An Afternoon at Rapid City’s Outdoor Campus
In keeping with my pledge to spend more time in nature this year, I made my first visit to the Outdoor Campus – West in Rapid City this past weekend. Run by South Dakota Game, Fish and Parks, the Outdoor Campus — West opened in 2011. The facility features a LEED Gold building (one of only eight structures in South Dakota that have attained this level of certification from the U.S. Green Building Council) situated on 32 acres that include two small ponds, a stream, and 1.5 miles of trails.
A footbridge over a pond leads from the pond to the building’s front door. Despite temperatures in the teens and a chilly breeze, I lingered outside on the bridge, looking down at several species of diving and dabbling ducks that paddled about on the unfrozen portion of the pond. There were several gadwalls, lovely ducks that have a sort of understated elegance to them.
There were also two ring-necked ducks …
… and a redhead …
… and a common goldeneye.
It was fun to see both dabbling ducks (mallard and gadwall) and divers (ring-necked duck, goldeneye, and redhead) in one place. I’m more used to seeing dabblers in shallow ponds, where they can tip up and feed on vegetation, and divers in deep lakes where they swim around in search of fish. It would seem that this little pond in front of the Outdoor Campus has a variety of depths to suit both types of waterfowl.
Besides the ducks, I also spotted a muskrat. Weighing in at 2-3 pounds, muskrats sport a thick undercoat of fur which traps air. This serves to keep the muskrats warm and dry in the water, while also helping to maintain buoyancy. Though they’re small, muskrats are mighty; they can hold their breath and stay underwater for up to fifteen minutes!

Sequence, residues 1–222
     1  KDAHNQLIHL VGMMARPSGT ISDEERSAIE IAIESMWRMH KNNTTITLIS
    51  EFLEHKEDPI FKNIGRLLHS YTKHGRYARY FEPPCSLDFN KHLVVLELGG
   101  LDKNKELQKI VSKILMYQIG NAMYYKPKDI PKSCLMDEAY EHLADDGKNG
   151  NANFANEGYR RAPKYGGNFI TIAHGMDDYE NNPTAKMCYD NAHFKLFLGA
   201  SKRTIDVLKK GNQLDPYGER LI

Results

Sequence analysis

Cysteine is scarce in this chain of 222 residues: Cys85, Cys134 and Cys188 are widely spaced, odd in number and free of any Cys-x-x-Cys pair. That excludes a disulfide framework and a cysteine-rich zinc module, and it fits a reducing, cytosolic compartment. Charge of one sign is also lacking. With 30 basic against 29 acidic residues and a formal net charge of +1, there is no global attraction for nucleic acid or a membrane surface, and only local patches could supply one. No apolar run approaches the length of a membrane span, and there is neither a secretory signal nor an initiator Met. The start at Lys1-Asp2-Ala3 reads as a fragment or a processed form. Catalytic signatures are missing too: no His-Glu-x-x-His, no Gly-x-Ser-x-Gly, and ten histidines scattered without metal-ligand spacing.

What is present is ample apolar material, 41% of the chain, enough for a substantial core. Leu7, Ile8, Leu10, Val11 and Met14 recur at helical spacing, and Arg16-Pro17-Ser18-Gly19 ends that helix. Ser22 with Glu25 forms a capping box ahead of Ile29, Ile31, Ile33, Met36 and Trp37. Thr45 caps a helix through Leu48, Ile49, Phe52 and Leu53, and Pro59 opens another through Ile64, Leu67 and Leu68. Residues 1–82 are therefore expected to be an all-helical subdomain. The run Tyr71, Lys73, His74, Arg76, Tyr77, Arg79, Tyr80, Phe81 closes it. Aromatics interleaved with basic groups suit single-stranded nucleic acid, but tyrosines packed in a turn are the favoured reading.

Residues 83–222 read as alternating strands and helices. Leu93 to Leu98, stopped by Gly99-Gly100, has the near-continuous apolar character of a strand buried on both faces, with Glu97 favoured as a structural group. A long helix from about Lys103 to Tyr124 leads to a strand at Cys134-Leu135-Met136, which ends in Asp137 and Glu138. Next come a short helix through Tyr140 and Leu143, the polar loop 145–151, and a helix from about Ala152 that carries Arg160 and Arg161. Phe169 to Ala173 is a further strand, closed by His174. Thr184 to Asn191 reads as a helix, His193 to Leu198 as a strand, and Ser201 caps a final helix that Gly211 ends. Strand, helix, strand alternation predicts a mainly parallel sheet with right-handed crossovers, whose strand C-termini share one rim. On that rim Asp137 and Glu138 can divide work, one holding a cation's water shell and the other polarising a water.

All this, and we hadn’t even gone inside yet! Entering the building, we found that it was set up with four loosely-divided zones representing the habitats found in the Black Hills, badlands, prairies, and lakes and streams. Each zone showcased wildlife and natural features that occur in those habitats. There were lots of taxidermied animals.
The exhibits had a strong tactile emphasis, with a refreshing lack of technological gewgaws. There were lots of pelts and bones and antlers around for picking up and touching. I was a little disappointed by the lack of labels and text on the wildlife displays, but I should mention that I do not seem to fit the target demographic for the facility; the building and its grounds are geared towards families with children. For kids (of all ages), being able to handle objects is an important part of a memorable experience. I got into the spirit of things, climbing into a hollow log and hanging out with the puppets that lived there.
We admired fish swimming around in the 4,600 gallon freshwater aquarium, then headed outside for a walk on the trails. Once we’d left the building, we had the grounds pretty much to ourselves. There were lots of kids at the Outdoor Campus that Saturday afternoon, but most of them were inside at a BB Gun Basics workshop. South Dakota Game, Fish and Parks uses the Outdoor Campus – West (and its older, companion facility in Sioux Falls) for classes in archery, snowshoeing, boating, fishing, cooking wild game, and track identification, among other topics.
I wish I didn’t live quite so far away from the Outdoor Campus. The class offerings are varied and are geared for a variety of different audiences, including adults with no kids in tow. I’m sure I’ll visit again, though … and if you find yourself in Rapid City, I definitely recommend stopping in for a visit.
Learn more about the species mentioned in this post:
- Gadwall, Anas strepera
- Ring-necked duck, Aythya collaris
- Redhead, Aythya americana
- Common goldeneye, Bucephala clangula
- Mallard, Anas platyrhynchos
- Muskrat, Ondatra zibethicus